For our Pavlov VR servers we have developed a server statistics parser and generator that creates fun and interesting statistics about the server, maps, guns and players. Also we created a Pavlov VR RCON tool in C# (WinForms) that works with Pterodactyl. Check out the blog post for more information!
We will probably at some point start working on a web-based RCON tool that integrates with Pterodactyl, so admins can manage their server from a single point. For now, this .NET 6 based RCON tool is available for all our server admins.
It uses Pterodactyl to automatically fetch all servers that belong to you or that you are an authorised user in. Also, it will automatically fetch the server IP, RCON port and password, map list (including map names from the Steam workshop) and ban list from Pterodactyl so you don’t have to configure anything specific for each server.
For the player list, it will fetch player bans (VAC and game bans) from the Steam API and display those for easier detection of potential cheaters.
We have tried to make this tool as simple to use as possible and also make it usable from within VR, with large buttons and a dark general appearance as to not burn your eyes out.
Almost all features of the Pavlov VR RCON specification have been implemented so managing your server should be a breeze.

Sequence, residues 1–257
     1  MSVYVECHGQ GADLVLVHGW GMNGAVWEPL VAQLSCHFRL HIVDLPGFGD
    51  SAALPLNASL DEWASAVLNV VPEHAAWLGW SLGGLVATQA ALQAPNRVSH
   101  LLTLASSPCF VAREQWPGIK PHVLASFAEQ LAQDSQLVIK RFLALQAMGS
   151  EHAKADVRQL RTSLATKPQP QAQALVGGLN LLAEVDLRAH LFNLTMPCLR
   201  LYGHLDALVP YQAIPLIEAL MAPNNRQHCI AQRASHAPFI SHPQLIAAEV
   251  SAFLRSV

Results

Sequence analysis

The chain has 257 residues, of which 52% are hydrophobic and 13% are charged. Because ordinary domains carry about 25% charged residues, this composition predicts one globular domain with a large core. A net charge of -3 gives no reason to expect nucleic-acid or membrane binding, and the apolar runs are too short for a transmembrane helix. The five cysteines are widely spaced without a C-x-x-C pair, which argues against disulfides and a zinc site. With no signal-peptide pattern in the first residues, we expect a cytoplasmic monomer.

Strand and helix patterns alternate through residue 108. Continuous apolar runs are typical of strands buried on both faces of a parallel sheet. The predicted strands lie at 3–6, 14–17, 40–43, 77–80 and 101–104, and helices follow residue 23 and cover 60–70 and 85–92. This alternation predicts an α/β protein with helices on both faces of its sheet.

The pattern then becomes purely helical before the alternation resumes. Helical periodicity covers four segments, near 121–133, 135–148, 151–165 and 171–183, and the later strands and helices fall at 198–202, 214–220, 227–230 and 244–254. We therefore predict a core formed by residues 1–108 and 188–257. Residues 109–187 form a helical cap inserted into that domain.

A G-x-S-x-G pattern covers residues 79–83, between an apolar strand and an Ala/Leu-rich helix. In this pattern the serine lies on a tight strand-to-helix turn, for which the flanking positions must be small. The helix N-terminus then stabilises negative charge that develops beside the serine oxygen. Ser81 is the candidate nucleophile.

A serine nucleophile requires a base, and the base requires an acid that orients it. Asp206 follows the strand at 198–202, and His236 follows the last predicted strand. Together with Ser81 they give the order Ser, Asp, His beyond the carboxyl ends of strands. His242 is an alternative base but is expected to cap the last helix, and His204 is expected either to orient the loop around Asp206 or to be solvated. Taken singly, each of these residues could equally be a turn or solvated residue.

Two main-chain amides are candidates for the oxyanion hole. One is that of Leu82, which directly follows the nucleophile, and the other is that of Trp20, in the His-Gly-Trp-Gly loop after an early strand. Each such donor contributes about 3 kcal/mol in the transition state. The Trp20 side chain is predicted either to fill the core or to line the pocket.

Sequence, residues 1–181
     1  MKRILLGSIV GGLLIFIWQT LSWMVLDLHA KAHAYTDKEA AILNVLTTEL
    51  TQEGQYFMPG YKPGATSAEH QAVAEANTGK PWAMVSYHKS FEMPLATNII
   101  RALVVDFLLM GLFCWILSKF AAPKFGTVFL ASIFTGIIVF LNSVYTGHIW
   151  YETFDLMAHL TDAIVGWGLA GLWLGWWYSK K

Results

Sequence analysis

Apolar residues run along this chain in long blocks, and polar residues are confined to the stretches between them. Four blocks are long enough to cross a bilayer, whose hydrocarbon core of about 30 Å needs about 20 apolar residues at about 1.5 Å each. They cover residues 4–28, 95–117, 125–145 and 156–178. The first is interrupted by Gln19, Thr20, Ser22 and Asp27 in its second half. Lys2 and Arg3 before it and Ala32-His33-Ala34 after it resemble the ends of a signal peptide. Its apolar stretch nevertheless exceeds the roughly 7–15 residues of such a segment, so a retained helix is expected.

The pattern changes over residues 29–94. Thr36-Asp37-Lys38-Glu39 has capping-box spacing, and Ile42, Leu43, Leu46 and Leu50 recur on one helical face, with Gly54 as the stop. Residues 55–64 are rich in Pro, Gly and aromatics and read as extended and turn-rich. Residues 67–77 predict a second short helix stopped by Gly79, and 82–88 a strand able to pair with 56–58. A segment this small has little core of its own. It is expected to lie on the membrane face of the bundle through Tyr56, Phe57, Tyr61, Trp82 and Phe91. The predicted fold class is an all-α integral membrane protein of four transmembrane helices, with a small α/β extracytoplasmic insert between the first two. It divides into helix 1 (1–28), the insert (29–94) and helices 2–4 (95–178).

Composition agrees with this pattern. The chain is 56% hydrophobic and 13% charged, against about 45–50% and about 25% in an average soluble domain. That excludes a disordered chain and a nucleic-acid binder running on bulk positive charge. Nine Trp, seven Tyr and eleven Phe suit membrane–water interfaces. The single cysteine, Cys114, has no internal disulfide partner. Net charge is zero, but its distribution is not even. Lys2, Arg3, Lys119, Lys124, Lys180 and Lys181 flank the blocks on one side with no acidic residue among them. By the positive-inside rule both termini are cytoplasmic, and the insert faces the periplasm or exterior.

Some of these have been deemed useless or can be done by editing a config file in Pterodactyl. Some will eventually be implemented.
The generic way to add and remove maps from the map rotation is to edit a configuration file that is buried deep in the folder structure of Pavlov VR. Since only the map IDs are used it is always hard to figure out which map is which, for changing the order or removing maps.
So a Google Drive sheet is used where you just copy and paste the workshop URL and select the game mode from a list, and it will automatically fetch the map name. With a macro triggered by a button on the sheet the whole map list can be updated to Pterodactyl directly from within the sheet. That makes editing the map list much easier.
Pavlov VR logs some interesting data into its log file. We’ve created a parser that takes all this data and puts it in a database. This can then easily be used to generate all kinds of statistics.
Currently the server stats are parsed and recalculated every four hours and written in a static HTML file, kinda like PISG did back in the IRC days. You can check out the statistics of one of our Pavlov VR servers.
Cool, I want all that as well!
Sure, all our code is open source and available over on GitHub. Excuse the mess, but this was made to be quick and dirty first. Cleanup of the code base will begin shortly. It’s best if you know some C# to debug this tool if you’re having trouble getting it to work with your Pterodactyl installation.
Alternatively you can always come by our Discord and ask us for your own Pavlov VR server, which will have all these features integrated. We provide european game servers free of charge!